Digital editions are somewhat less complicated during these stages, but that doesn’t mean they require less attention. What’s that? Did I just hear you say, “But Josh, I’m not going to release an eBook?” Let me stop you right there. I don’t care how much of a physical book purist you are, you aren’t the one who will be buying all of your books (I hope), so offer eBooks to your readers. Still not convinced? Digital books are a necessity for a lot of people with disabilities, and are significantly cheaper, which is great for folks with limited incomes. Even if you’re a heartless bastard, you can’t deny that a bigger audience pool equals more potential readers, and why publish if you don’t want readers?

If that last part applies, maybe we can work on you being less of a heartless bastard in a future post…

Until then, BACK TO EBOOKS! There are several DIY options for eBook conversion, such as Calibre, but these programs are notorious for their steep learning curves, so don’t even click that link if you struggle with everyday apps. If you’re feeling bold and have a simple layout, Bookow has an automated eBook layout program that appears easier to navigate than most, but if you have any specific layout elements in mind, you’ll want some human input. Fortunately, you can get an eBook conversion done for as low as $200, just make sure you’re getting both .mobi and .epub formats. Remember Bookow? They offer custom formatting from $250, but ultimately we went with Bookmobile because of the relatively complex nature of poetry formatting. Hot tip—poetry eBook conversions cost more due to this complexity. Our eBooks came out slick thanks to Arna & the crew at Bookmobile, and I fully endorse both their work and their customer service!

As soon as you have a manuscript that’s ready to publish, it’s time to also start thinking about high-resolution file formatting for both print and digital. Once  you are in contact with your printer and eBook converter, start asking questions about files. If you’re not familiar with the deep and varied range of options available within PDF files, brace yourself, because both formats require specific types of PDFs with fonts embedded. Get measurements for EVERYTHING. Find out what file types each company needs for images and text. Our eBook cover had to be at least 300 dpi and a minimum height of 2560 pixels, so keep this in mind when you’re sourcing cover art as well! If you haven’t had any experience with digital design, you might be better off hiring someone to handle this for you.

At the very least, I absolutely recommend hiring a designer for the cover. This is one of the most discussed topics I’ve ever seen in the worlds of self and indie publishing, and while anyone can slap a title and author name on a stunning piece of art, that usually doesn’t make for a great book cover. Design as a trade has been so diminished by the wide availability of programs like Photoshop and even the MS Office Suite, that anyone who can navigate a computer thinks it’s as simple as stacking the required layers and making the text readable. I assure you, fellow do-it-yourselfer, that a trained designer has an understanding of how and why visual elements work that most of us couldn’t hope to grasp. Give them your money, it will absolutely help you sell books. The same suggestion applies to cover artwork. Self-publishing is plagued by bad book covers, and I’m willing to bet more than a few outstanding authors have missed their shot because despite what we’re taught, we judge books by their covers.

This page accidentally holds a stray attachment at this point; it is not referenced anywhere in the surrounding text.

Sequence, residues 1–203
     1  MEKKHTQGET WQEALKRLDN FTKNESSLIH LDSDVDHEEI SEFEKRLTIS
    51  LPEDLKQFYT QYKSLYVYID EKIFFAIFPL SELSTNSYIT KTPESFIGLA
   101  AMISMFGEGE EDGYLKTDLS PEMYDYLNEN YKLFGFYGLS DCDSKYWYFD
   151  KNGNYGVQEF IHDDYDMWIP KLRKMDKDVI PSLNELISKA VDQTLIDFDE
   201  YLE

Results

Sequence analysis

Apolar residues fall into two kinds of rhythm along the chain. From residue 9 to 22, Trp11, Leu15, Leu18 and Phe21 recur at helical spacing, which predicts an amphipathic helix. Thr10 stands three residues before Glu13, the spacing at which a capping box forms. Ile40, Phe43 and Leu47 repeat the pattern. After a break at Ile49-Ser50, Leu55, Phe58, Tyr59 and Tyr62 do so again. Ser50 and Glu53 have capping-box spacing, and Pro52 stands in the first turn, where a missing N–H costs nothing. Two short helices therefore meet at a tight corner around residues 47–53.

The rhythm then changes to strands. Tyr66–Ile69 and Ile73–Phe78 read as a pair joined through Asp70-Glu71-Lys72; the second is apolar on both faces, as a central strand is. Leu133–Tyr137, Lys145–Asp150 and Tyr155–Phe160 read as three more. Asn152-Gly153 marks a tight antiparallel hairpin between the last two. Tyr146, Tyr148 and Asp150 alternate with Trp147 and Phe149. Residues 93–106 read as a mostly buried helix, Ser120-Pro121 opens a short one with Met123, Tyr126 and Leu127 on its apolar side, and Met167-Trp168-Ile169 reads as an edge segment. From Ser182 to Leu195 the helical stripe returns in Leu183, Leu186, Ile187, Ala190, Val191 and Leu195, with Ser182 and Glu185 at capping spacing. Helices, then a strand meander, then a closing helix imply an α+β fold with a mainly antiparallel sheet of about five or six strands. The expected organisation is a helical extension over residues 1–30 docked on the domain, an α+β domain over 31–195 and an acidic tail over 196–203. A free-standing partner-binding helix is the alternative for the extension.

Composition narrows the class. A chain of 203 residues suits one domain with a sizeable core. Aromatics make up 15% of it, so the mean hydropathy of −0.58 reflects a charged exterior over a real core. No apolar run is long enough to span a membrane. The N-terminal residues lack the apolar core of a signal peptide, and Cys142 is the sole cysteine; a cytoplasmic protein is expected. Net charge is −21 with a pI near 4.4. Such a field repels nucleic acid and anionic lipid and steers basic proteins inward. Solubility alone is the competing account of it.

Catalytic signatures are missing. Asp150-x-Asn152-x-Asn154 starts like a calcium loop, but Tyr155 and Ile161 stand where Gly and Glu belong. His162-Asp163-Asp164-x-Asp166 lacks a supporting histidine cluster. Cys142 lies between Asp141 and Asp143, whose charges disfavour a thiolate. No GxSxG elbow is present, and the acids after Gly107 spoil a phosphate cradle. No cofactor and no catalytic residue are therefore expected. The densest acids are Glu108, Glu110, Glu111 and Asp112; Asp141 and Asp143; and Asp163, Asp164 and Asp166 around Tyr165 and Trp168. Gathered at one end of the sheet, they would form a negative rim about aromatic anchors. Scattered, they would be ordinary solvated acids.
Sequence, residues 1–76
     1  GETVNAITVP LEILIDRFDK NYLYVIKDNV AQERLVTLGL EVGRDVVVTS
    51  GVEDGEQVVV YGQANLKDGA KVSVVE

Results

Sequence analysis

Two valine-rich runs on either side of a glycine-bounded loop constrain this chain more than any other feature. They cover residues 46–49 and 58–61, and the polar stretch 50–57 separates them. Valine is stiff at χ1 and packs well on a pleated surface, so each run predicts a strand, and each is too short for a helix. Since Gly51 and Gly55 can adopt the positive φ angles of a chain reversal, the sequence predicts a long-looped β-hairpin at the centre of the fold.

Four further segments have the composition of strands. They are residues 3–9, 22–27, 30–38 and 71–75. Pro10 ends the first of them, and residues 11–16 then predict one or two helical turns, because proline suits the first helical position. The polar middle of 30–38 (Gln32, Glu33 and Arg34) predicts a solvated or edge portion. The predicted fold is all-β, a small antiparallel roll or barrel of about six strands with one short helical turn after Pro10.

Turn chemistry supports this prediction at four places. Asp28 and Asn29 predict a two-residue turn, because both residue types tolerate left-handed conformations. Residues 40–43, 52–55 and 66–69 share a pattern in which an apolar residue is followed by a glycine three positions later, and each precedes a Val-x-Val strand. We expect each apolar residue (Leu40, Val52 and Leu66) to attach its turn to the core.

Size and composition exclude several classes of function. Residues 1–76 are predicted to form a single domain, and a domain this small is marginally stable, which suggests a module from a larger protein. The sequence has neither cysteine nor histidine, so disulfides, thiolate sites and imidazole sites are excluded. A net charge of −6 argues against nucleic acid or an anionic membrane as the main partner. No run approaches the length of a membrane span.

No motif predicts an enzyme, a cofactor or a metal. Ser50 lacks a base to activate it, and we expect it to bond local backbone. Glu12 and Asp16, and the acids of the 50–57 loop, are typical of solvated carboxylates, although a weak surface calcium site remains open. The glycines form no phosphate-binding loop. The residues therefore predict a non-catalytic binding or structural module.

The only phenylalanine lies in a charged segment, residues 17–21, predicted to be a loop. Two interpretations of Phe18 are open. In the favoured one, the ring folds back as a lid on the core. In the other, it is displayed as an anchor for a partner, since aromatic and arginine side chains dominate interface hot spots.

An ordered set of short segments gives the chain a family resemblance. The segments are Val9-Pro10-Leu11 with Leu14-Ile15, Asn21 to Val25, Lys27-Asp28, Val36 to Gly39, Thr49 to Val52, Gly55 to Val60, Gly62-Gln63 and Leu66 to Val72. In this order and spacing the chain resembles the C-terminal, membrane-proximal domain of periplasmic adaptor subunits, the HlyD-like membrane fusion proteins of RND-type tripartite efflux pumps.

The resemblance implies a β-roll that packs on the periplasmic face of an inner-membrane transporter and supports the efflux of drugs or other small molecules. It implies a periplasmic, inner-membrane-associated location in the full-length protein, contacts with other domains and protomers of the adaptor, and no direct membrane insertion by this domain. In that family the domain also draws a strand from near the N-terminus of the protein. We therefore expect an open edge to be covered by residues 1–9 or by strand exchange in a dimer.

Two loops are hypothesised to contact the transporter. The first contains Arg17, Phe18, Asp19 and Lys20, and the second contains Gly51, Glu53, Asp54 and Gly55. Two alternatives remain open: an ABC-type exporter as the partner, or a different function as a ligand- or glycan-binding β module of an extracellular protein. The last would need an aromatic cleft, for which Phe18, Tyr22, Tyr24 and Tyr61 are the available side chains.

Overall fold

Are you forgetting anything?

Did you buy ISBN’s? You’ll need these before you can finish your cover and your title page, so get these early. You can only get them from Bowker and they’re not cheap. Buy a pack if you can, because your eBook will need its own number as well.

Did you get a barcode? There are lots of options out there, but I’ll mention Bookow again because we used their killer barcode generator. These barcodes meet all retailer requirements, are high-resolution, and the generator is free! Once I tested ours out, I made a donation because Steve at Bookow was super helpful when I inquired about poetry formatting, and this utility is just so good, you’ll feel like you’re stealing if you get these barcodes for free!

Want your book in the Library of Congress? Of course you do! You’ll need to submit some information to their website before you send your final files to your printer and digital converter, as your PCN number will go on the publication data page. It’s a little confusing, but read the instructions carefully and you’ll have it in no time.

There’s a lot to this process, so if you have any additional questions, I’m happy to answer them in the comments!

Now that you know all the details that made this book a reality, get a copy for yourself!

Buy direct from Bedlam Publishing
or
Buy on Amazon

The Great Copy Editing Cheat Sheet

We’ve all been there: we’re reading someone’s Facebook post when we’re confronted with that most annoying of offenses: someone who uses your when they meant you’re. “I’d never do that!” you think, reveling in the self-righteous glory that comes from someone who knows a possessive from a contraction. You may be right; you’re probably the sort of person who double checks your texts to make sure that they don’t autocorrect to the wrong their/there/they’re, and you might even know your who from your whom. But even the most seasoned grammarian has a weak spot; the following are a list of common words that might make you think twice, even if you’d rather not admit it. Remember: there’s no honor lost in having to pull out your dictionary to double check a phrase once in awhile, especially if you edit a lot. Editing tends to loosen our moorings. When we see something wrong on the page enough times, it starts to look right after awhile. Even if you aren’t an editor by trade, there are some words or phrases that may just have an evil hold on you (in the interest of full disclosure: I still question how to spell privilege each and every day). Check this out and see if there’s something on this list that you struggle with, too: